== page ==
Performance Pay for teachers: my two cents

I don’t know that much about politics. If I ever watch television I watch non-commercial television stations (ABC and SBS) and I listen to non-commercial radio (mostly Triple J, sometimes ABC Radio National when I can’t stand the music on the Js). I guess that fact means I am not swayed by mainstream media reports of politicians or political decisions. I’ve pretty much always voted Green, sometimes Labor. I don’t know much about politics. This is my disclaimer.

I don’t agree with performance pay for teachers. I don’t have an intellectual argument, or an argument supported by a deep understanding of budgets, education policy or education systems. I have an argument based on emotion and experience. That’s all I can contribute to this debate.

When I was 15 I was introduced to a band called Fugazi. The first album of theirs I bought was ‘Thirteen Songs‘. I was moved by the passionate lyrics, vocals and music that I discovered on that CD of 13 songs. I was surprised to hear a man sing about the oppression of women by the social expectation to meet an ideal and the impact this has on our ability to walk down the street ‘free of suggestion’. He caught my experience in one. That album is full of expressions of frustration with injustice in society. The next album I hurriedly bought was their Repeater + 3 songs. This album didn’t disappoint either. The song ‘Merchandise’ with its repeated lyric ‘You are not what you own’ sent shivers down my spine. The album is a rage against greedy corporations and menacing capitalism – it is a manifesto of the DIY ethic that the band embodies. When I saw them at Manly Youth Centre in 1995 they carried their own equipment. The band and their music have shaped my moral outlook as an adult.

I have recently been toying with the idea of applying for a Head Teacher of English position and was asked by a friend why I wanted to take that step. My answer was simple: Two reasons – power and money. That response seems counter to what I’ve said in the past about my personal ethos, and what I will say below about performance pay. So I’ll explain it to you. I want the power to enact real educational change on a larger scale than just in my classroom. As a classroom teacher I can’t expect my colleagues to change their teaching practice to be more relevant and authentic for students. I can only ask. I need more money because we are a one-wage family whilst my husband studies. A HT wage (which is still quite modest) will mean I don’t have to supplement my main income by working a second or third job – doing that now makes it very, very difficult to give myself fully to my school and my classes.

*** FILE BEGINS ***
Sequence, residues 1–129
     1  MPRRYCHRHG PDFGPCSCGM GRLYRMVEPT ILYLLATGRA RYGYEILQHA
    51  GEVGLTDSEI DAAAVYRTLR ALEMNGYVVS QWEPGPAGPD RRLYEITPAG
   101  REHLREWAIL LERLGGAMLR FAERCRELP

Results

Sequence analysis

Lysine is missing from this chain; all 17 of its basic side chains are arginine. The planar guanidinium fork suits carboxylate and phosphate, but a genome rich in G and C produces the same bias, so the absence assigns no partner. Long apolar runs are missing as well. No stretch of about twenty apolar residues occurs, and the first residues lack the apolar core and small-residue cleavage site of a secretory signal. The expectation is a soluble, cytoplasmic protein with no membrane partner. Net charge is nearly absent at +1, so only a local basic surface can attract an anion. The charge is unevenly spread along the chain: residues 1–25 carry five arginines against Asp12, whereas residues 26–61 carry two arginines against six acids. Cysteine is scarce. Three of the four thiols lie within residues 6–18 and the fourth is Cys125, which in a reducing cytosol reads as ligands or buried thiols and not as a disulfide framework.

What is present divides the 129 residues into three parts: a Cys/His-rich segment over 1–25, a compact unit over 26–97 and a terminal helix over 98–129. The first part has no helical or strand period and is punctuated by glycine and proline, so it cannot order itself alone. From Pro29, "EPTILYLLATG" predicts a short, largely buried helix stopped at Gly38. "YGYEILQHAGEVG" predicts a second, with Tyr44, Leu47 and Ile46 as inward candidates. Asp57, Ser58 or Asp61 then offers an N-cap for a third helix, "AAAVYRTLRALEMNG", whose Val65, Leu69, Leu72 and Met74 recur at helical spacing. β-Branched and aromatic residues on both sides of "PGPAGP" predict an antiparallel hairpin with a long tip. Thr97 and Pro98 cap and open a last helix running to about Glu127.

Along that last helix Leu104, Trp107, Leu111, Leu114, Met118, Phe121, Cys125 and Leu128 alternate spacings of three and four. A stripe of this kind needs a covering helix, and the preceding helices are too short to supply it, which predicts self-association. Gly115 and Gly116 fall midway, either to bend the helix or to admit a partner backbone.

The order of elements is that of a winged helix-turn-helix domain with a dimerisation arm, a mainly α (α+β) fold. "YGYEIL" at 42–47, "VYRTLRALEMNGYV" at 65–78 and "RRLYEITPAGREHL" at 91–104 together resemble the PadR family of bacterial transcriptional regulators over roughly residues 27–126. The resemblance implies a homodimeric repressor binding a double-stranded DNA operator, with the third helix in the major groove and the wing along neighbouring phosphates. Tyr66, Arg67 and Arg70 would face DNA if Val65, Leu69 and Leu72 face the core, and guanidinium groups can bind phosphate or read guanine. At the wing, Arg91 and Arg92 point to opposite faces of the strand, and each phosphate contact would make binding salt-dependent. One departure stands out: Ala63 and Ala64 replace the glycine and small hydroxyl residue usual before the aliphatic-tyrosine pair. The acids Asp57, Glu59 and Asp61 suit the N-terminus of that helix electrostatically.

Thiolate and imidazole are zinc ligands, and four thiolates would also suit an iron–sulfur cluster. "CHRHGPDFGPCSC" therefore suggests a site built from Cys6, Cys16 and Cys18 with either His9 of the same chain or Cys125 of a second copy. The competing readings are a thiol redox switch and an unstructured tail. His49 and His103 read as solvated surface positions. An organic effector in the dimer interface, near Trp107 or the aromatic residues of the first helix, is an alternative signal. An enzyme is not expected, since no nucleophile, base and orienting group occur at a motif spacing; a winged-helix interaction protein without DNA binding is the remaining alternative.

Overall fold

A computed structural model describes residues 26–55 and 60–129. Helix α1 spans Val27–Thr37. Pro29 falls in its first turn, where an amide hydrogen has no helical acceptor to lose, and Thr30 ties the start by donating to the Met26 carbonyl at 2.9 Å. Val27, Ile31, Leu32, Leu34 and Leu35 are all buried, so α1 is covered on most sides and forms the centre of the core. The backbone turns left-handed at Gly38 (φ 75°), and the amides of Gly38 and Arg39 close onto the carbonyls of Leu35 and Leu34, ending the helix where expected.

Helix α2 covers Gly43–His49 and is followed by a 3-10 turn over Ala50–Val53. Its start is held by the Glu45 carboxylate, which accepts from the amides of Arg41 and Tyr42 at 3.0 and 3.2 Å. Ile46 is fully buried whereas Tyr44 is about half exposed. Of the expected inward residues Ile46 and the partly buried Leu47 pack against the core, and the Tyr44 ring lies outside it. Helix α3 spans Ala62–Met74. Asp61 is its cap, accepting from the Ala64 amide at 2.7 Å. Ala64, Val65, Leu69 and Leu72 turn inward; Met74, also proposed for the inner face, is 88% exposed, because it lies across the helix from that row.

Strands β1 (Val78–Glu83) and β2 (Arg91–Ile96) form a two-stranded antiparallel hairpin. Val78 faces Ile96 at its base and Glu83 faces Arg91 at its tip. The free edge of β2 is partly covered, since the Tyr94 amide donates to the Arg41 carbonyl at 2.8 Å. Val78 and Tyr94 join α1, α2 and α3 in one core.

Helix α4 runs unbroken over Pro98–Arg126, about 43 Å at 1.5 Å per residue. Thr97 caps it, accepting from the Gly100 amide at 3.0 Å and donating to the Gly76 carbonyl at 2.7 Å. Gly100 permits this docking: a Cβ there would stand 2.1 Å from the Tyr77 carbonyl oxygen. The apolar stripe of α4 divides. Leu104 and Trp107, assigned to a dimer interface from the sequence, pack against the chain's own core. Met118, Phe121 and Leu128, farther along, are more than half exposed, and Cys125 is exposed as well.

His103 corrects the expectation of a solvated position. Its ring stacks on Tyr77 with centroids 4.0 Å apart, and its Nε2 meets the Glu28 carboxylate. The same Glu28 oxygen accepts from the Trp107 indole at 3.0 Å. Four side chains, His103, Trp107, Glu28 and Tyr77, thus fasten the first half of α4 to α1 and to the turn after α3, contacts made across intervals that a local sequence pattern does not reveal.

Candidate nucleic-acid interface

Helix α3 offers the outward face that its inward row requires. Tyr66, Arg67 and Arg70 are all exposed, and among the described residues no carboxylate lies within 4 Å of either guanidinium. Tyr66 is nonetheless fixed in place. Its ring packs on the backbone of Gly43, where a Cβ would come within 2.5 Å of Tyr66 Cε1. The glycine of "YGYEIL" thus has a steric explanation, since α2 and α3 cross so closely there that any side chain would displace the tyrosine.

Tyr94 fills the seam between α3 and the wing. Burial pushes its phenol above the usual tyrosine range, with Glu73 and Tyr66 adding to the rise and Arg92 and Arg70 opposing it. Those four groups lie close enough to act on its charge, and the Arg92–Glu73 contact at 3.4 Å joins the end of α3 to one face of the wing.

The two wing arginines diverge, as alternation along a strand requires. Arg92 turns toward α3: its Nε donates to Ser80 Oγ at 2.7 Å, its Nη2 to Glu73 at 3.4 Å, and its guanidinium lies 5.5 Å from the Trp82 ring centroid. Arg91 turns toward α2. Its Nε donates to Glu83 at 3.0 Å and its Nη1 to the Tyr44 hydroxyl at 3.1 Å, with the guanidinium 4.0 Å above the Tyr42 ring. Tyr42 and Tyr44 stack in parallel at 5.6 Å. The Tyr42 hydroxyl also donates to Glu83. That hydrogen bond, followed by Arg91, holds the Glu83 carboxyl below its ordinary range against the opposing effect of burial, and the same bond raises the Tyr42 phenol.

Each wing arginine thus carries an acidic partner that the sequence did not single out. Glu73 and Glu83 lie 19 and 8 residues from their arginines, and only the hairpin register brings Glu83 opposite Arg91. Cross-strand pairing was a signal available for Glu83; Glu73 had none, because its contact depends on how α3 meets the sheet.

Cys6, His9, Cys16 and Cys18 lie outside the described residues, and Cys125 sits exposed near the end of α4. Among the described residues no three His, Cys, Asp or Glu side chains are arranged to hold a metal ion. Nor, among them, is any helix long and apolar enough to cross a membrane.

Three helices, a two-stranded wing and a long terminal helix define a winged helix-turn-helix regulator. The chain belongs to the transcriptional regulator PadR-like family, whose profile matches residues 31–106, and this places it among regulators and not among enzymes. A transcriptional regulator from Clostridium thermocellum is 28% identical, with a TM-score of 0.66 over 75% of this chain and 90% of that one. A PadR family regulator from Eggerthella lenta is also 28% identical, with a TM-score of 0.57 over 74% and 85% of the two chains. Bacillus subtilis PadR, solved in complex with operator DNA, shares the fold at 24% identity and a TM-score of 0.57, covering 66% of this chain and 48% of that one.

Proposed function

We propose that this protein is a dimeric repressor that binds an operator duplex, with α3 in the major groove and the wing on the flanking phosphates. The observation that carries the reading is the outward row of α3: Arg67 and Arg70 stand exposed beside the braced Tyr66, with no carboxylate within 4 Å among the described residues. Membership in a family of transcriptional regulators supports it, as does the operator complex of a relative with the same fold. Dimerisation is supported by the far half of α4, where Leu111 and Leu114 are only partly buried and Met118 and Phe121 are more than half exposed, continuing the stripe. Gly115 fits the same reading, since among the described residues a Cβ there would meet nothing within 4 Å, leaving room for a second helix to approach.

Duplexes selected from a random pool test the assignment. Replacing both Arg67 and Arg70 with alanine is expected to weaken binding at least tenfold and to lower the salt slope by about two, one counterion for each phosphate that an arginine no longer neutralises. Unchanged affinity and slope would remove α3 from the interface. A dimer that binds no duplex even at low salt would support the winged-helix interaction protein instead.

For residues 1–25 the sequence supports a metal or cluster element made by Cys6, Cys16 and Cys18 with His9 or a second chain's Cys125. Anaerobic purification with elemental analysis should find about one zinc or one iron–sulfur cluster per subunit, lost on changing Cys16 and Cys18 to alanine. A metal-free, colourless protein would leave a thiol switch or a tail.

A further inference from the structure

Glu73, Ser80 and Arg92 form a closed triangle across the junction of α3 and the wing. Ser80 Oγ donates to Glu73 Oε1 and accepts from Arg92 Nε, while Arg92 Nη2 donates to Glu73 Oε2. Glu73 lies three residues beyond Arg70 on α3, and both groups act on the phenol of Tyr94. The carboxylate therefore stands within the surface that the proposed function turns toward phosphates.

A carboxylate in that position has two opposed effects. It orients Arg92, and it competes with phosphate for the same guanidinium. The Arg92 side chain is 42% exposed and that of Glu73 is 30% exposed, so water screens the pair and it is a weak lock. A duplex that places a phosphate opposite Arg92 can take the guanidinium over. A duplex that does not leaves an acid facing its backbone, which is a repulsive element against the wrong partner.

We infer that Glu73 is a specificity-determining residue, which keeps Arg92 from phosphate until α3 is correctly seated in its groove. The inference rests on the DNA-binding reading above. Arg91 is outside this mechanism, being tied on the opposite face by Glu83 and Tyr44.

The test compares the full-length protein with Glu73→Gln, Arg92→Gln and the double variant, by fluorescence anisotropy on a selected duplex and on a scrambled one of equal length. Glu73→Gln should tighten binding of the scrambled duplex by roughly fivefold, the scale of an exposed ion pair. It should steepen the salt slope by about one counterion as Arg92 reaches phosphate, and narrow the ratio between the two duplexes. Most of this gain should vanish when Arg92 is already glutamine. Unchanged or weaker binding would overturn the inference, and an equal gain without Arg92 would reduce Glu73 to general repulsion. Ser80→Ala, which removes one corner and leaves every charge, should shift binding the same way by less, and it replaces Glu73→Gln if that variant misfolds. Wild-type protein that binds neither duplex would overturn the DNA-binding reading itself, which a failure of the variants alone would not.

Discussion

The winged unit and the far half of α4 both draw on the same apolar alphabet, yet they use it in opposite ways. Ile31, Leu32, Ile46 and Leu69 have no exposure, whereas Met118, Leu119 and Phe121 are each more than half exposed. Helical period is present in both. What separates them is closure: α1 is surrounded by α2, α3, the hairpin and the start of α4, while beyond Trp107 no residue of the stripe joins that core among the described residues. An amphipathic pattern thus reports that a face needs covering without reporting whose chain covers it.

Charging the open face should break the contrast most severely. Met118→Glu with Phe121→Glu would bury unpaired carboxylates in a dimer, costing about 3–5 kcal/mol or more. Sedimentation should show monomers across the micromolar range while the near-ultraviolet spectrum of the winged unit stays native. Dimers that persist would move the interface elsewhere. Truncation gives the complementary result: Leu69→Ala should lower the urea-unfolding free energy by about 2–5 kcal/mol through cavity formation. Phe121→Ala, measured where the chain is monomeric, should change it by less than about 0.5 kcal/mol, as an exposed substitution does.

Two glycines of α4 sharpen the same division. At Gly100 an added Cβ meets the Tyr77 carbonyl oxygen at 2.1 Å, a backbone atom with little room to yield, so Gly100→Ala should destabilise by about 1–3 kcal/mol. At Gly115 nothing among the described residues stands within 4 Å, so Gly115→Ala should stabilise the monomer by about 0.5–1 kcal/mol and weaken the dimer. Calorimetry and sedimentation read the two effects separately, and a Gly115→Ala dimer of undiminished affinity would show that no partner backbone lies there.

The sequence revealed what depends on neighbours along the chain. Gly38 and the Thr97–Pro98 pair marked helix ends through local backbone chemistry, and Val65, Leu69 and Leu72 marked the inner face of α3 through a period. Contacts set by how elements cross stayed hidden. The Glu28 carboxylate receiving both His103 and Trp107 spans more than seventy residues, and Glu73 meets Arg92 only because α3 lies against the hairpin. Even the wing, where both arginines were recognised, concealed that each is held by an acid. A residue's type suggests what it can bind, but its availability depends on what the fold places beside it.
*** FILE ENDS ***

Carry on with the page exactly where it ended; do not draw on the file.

I don’t agree with performance pay. Why? When I graduated with my BA in 2003, I didn’t know what profession I could enter. A major in Philosophy and Performance Studies does kinda limit your options. When the career advisor suggested teaching it seemed to make sense. I had always enjoyed working with teenagers at the Manly Youth Centre and knew that I never wanted to work for a corporation. Being a public servant seemed to fit with my distrust for materialism and my desire to contribute meaningfully to my society. Teachers don’t get paid much, they work hard and they make a difference.

But what if someone came in and applied a corporate structure to that system I loved so dearly? What if someone came in and said, ‘Hey, you want more money? Just get better results for your students and we’ll pay you more.’ Sounds easy, after all, we’re all dedicated hard-working teachers who don’t get paid for all of the extra and after-hours stuff we do. Shouldn’t we be rewarded? But scratch the surface a little and you see how dodgy this idea is. Kids aren’t products. You can’t ‘mould’ a child into a little A+ ready to be inspected by Mr Student Inspector to see how much they have ‘grown’ under your tutelage. I don’t want any teacher in my school to start equating student ‘success’ on external examinations with dollar signs. Someone once said to me, ‘We’re in the business of 5s and 6s. The HSC is our job.’ I wanted to hit him. I am NOT in a business. I am an educator. I will not see students as products. I will not have my own children viewed as products by adults. I will not compete with my colleagues and friends to get the best kids in my class each year so I get the best results and make some more cash.

Competition kills community.

I just want to leave you with the lyrics to Fugazi’s song ‘Styrofoam’. These words remind me of why I am a ‘public servant’ and why I will never work for a corporation and spend my life competing with others to be the best, the most powerful or the most wealthy:

There are no more races to be run
There are no numbers left to be won
Everybody’s down we pulled each other down
There never was a truth to be found
We are all bigots so full of hatred
We release our poisons
There are no more cultures left to slide
There are no more people to be tried
We’re in our minds five billion pieces so defined
Read it in a book, it was underlined
We are all bigots so full of hatred
We release our poisons like styrofoam